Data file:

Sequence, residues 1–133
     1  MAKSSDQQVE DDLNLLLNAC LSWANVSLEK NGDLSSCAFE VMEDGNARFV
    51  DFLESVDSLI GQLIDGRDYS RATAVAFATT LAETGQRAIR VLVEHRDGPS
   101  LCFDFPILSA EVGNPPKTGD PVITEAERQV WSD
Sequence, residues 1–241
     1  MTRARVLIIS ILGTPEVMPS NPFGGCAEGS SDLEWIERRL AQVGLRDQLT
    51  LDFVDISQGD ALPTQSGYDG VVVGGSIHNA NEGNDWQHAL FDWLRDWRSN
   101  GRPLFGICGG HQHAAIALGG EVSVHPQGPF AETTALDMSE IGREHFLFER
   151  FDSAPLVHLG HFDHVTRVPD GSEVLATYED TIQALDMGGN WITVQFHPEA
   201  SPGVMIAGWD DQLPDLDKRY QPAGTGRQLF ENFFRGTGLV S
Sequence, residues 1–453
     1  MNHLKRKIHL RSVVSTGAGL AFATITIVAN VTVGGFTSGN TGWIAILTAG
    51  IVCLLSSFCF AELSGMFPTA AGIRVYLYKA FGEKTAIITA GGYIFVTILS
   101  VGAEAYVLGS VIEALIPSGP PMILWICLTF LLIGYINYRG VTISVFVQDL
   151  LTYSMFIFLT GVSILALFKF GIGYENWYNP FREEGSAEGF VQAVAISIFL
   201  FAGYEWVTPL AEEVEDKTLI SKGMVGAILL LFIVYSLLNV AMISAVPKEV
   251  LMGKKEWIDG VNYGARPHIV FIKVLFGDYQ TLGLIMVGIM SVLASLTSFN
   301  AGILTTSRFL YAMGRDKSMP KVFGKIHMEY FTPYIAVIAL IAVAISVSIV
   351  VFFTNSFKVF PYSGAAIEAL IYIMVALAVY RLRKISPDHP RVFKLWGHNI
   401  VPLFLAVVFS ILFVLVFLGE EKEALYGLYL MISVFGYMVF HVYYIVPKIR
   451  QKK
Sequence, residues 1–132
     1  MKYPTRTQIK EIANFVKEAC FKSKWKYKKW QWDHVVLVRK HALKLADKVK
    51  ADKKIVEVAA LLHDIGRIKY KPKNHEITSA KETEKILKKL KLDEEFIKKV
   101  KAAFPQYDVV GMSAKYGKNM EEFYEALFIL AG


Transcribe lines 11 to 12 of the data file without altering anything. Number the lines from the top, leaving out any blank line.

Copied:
Sequence, residues 1–453
     1  MNHLKRKIHL RSVVSTGAGL AFATITIVAN VTVGGFTSGN TGWIAILTAG